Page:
Will: Max, you deal quite significantly in the crypto space. And everyone familiar with the crypto space often sees that sometimes it doesn’t track what’s happening in the real world. Have you seen any difference? How is investor sentiment there?

Max: Yes, the value track drivers of crypto are different. In the real world, we would use the discount cash flow method or other mathematical approaches. In the crypto world, that’s a bit different.

Bitcoin is a commodity and it can be perfectly evaluated by using the stock to flow ratio. The value drivers of Ethereum are also different. It’s like an App Store. The more apps get to build on Ethereum, the more users it will attract on the other hand. The more users are getting attracted, the more developers would come to the platform as well.

I’ll give you one example and this is payments. If someone from Columbia works in the US and wants to send money back to Columbia, he or she shouldn’t go to MoneyGram or Western Union because they just rip you off. They take 10% charge of all the money you are sending. This is where crypto is a really good use case as a payment system.

In the pandemic, everything that can be converted to cash was converted to cash: gold, stocks, derivatives, crypto. So, during the liquidity crisis, there was a strong correlation across all asset classes. But if you look at the performance afterward, COVID-19 was a good thing not only for digitalization but also for crypto assets in particular.

Will: Are you still investing in ventures that are using crypto technology within their value proposition? On a startup level is there a positive investor sentiment? Or are you going to be focused on the more commodified nature of crypto?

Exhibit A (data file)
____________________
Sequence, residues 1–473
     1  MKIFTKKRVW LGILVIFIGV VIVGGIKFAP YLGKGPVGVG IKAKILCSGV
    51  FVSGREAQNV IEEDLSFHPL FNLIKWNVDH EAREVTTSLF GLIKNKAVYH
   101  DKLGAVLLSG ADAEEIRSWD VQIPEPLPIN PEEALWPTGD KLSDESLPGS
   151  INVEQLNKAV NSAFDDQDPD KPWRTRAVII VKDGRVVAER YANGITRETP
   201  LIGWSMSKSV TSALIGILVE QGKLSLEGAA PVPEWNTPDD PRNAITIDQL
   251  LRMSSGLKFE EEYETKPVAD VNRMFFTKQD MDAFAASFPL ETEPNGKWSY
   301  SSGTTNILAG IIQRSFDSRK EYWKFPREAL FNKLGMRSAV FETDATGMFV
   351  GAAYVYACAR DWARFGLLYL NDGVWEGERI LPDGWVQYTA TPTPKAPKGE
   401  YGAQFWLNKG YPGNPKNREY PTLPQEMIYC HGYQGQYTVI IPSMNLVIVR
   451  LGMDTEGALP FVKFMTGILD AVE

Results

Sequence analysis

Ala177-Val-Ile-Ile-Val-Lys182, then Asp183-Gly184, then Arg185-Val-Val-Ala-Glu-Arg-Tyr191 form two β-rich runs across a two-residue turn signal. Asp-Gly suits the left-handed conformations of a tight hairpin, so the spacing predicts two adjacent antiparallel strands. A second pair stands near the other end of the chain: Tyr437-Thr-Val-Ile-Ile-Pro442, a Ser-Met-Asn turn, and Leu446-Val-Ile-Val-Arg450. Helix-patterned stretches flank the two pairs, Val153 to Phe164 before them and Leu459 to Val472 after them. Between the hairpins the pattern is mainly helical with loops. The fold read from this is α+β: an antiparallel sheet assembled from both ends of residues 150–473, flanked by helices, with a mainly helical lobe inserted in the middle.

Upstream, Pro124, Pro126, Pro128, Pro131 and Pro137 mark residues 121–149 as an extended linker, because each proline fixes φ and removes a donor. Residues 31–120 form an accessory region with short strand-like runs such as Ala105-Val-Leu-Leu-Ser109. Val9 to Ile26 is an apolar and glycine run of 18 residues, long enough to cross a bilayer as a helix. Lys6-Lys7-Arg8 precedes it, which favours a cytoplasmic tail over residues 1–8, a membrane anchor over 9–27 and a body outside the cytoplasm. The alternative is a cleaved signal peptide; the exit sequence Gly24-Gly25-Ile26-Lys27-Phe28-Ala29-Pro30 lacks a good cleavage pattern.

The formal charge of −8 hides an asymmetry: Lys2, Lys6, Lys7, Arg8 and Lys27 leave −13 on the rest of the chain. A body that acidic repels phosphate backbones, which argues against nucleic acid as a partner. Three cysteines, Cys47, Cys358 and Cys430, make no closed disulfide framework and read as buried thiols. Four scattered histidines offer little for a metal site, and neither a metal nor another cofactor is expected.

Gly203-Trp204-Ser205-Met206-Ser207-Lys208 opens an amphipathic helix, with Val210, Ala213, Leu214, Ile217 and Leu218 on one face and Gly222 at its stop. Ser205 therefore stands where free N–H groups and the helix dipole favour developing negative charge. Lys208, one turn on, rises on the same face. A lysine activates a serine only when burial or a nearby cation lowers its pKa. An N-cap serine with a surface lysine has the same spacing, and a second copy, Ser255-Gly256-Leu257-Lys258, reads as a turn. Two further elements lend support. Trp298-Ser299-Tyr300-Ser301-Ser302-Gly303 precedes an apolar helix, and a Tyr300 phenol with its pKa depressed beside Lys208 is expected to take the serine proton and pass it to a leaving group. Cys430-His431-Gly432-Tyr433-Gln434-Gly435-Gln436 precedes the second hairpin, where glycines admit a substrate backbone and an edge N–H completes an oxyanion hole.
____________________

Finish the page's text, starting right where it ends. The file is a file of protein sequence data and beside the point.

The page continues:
Max: It’s not positive or negative. It’s realistic. Because there was a time when everyone thought that blockchain was the solution for everything in any industry. And that was nonsense. It cannot solve problems just because you’re using a decentralized system. In a lot of cases, a centralized system is a way better approach.

Supply chain space, data protection, the financial markets, this is where blockchain makes sense. The financial system is full of intermediaries. We don’t need them to create trust. It works, but it’s inefficient.

You have to be very careful about what industry you choose. Just ask yourself if this is an industry where blockchain technology can really be a value add and where it can be disruptive.

Will: Christian, you’re a contributor and you’re a part of EY’s crypto group. Just wondered whether you echo that sentiment?

Christian: Absolutely. Now less relative volatility in terms of Bitcoin prices allows the real development of applications on different types of chains.